Filed Under:Risk Management, Cybersecurity

4 lessons companies can (and should) learn from 2017’s data breaches

After a year full of cyber breaches, risk management professionals may want to take these lessons into the coming year.

Trying to deal with cyber breaches quietly without notifying anyone might seem like an attractive idea, but... (Photo: ALM Media)
Trying to deal with cyber breaches quietly without notifying anyone might seem like an attractive idea, but... (Photo: ALM Media)

Cybersecurity took center stage in 2017, following a slew of cyber breaches on major companies, including those in highly regulated industries.

As the likelihood of cyberattacks increases, risk management professionals are likely to see more, not less, of this problem in the next year.

“It is clear that not only are cyberattacks of the utmost importance to the success and reputation of companies, but also that boards and management are now reliant on the legal industry to help their organizations manage and respond to cyber threats,” wrote ALM Intelligence senior analyst Daniella Isaacson earlier this month.

As such, here are four lessons that companies can, and perhaps should, take away from this year:

1. Do the breach due diligence you need to. Former Yahoo general counsel Ron Bell this year learned a hard lesson after an independent investigation of Yahoo’s disclosed 2014 data breach revealed that the company “did not sufficiently pursue” information about the breach. A U.S. Securities and Exchange Commission filing found that the “2014 security incident was not properly investigated and analyzed at the time and the company was not adequately advised with respect to the legal and business risks associated with the 2014 security incident,” which may have resulted in the massive price reduction in the company’s sale to Verizon.

Bell resigned just before the SEC filing, raising questions about whether general counsel are likely to be held responsible for data breach handling. As Edward McAndrew, a partner at Ballard Spahr and co-leader of the firm’s privacy and data security group, previously told us, “In-house counsel are often best positioned to play leading roles in cyber-incident response, but they are often on the sidelines. And that’s not a viable model anymore for anyone who wants to keep their job.”

2. Being too self-protective doesn’t always play well with the public. After Equifax Inc. disclosed its massive data breach this year, details of the company’s legal strategy and financial handling of the breach spilled out and drove a whole added layer of public rage. News that Equifax executives sold their stock before publicly disclosing the breach not only provoked investigations from the SEC and Atlanta’s U.S. Attorney’s Office, but also stoked public distrust of the company.

Related: The (somwhat) good news and bad news of corporate cyber readiness

The company was also highly criticized for a mandatory arbitration clause nestled into the fine print of the website it set up to help users identify if they’d been affected by the breach. Although the company quickly sought to clarify and change the terms of the clause, the clause provoked an outpouring of social media criticism. The company sought to take advantage of the time before a Consumer Financial Protection Bureau rule that would bar class action waivers from arbitration agreements in the banking and finance industries takes effect in May, but as Scott Nelson of Public Citizen wrote for the group’s Consumer Law & Policy blog, “the fact that the compliance date hasn’t arrived is no reason for Equifax to foist another injustice on people already facing injury as a result of its security failures.” The move didn’t play well with customers, and likely invited further class action litigation.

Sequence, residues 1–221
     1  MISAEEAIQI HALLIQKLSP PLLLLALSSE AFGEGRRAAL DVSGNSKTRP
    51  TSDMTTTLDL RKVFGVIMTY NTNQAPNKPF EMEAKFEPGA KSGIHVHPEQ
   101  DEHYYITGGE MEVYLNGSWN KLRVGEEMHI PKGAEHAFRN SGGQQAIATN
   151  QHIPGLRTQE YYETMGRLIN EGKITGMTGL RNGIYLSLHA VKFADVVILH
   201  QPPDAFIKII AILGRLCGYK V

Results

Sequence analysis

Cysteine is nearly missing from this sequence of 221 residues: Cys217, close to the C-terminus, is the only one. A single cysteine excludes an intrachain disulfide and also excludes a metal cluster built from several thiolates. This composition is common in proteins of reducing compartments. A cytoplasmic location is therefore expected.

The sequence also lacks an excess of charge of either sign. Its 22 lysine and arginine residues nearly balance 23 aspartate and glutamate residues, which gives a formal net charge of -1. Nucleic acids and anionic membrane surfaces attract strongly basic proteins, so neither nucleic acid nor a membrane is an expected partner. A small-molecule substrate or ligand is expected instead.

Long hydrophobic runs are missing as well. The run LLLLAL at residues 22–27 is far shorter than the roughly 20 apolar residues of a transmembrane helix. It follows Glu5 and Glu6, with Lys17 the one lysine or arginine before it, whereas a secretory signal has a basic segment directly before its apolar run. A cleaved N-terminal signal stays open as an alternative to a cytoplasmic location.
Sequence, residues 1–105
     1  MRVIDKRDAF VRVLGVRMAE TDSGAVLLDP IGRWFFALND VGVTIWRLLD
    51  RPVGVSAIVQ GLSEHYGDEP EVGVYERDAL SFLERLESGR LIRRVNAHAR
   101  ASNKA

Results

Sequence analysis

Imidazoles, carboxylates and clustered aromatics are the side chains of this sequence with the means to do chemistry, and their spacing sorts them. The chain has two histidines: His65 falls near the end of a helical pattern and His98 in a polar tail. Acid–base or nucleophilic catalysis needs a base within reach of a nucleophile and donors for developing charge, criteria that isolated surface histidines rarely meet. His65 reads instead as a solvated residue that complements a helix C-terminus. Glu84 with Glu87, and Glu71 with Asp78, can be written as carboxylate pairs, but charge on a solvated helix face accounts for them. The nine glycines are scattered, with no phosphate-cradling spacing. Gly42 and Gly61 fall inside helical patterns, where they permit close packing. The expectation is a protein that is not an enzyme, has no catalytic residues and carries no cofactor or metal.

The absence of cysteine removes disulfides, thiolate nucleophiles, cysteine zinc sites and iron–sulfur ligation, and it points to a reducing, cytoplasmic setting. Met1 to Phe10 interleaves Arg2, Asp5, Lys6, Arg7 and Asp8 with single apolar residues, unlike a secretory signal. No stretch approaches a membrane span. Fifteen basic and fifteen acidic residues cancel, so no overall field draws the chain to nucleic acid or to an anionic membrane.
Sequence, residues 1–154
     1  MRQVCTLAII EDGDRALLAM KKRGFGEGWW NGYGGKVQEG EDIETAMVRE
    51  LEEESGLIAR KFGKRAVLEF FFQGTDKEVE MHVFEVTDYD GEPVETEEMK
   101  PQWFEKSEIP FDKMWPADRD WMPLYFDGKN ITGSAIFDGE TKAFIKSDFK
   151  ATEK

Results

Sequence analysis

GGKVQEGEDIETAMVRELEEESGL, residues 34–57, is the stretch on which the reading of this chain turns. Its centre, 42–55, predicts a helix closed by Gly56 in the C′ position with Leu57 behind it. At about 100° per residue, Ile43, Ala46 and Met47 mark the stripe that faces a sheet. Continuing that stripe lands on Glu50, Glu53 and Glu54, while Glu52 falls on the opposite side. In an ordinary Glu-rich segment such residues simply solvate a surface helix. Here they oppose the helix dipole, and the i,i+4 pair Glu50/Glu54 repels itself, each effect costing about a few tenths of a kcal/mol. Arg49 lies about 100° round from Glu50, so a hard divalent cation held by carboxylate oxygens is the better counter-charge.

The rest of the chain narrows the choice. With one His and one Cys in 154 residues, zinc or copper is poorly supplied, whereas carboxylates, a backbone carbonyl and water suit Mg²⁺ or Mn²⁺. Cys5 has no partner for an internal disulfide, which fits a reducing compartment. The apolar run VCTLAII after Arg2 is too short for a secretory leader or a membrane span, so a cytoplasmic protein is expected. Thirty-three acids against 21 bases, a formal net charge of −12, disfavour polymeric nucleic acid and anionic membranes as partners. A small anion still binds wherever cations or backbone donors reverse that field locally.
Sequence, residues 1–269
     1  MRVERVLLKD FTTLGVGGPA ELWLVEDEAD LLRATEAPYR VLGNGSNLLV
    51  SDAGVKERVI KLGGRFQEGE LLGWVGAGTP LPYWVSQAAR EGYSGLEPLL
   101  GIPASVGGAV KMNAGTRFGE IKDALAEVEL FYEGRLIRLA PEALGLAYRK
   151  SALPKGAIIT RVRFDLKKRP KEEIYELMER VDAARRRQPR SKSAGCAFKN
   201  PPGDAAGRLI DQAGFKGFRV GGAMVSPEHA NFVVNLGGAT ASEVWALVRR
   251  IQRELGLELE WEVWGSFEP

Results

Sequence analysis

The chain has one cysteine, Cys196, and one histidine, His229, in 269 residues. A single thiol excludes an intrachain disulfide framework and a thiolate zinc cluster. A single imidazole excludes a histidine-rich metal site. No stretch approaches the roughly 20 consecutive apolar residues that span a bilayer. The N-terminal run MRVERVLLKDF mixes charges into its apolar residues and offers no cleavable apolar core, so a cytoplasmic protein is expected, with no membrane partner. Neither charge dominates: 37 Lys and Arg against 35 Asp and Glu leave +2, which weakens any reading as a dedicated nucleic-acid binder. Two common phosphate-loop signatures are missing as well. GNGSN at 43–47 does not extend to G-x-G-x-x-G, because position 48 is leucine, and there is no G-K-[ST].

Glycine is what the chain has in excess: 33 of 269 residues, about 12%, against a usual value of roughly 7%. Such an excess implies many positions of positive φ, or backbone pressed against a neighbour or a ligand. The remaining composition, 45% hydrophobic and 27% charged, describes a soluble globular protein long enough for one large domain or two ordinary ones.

3. Don’t try to cover your tracks. Trying to deal with cyber breaches quietly without notifying anyone might seem like an attractive idea, but Uber Technologies Inc. may have learned that lesson the hard way in its attempt to cover up a 2016 breach into the personal information of both customers and drivers for the ride-hailing service. Not only is it fairly unlikely that cover-up strategies will succeed (digital transactions and communications tend to leave a paper trail), but cover-ups are likely to prompt regulatory and federal scrutiny.

Bradley Arant Boult Cummings partner and cybersecurity and privacy team leader Paige Boshell previously told us that government investigations are more likely if cover-up actions are disclosed. “The likelihood of a congressional hearing is much higher due to the subsequent actions than it is for the breach,” Boshell said. She also noted that penalties in each of these states and local inquiries are likely to be higher because of Uber’s handling of the breach.

4. Invest in your cybersecurity infrastructure and programming. Although companies are increasingly of the mind that cyber breaches are going to happen no matter what technology and processes are in place, being responsible about cybersecurity is probably the best way to avoid scrutiny altogether. Making sure that you have anti-virus protections, firewalls, secure connections, passwords with two-factor authentication and that employees have a good sense of how to avoid phishing attacks are all great precautions to have in place. Regular penetration testing can be helpful in getting a sense of your data security program’s strengths and weaknesses, and what data may be left vulnerable to attack.

Related: 6 ways cybersecurity will impact insurers in 2018

Gabrielle Orum Hernández is a reporter with Legaltech News and the Daily Report covering legal technology startups and vendors. She can be reached by email at, or on Twitter at @GMOrumHernandez.

Originally published on LegalTech News. All rights reserved. This material may not be published, broadcast, rewritten, or redistributed.


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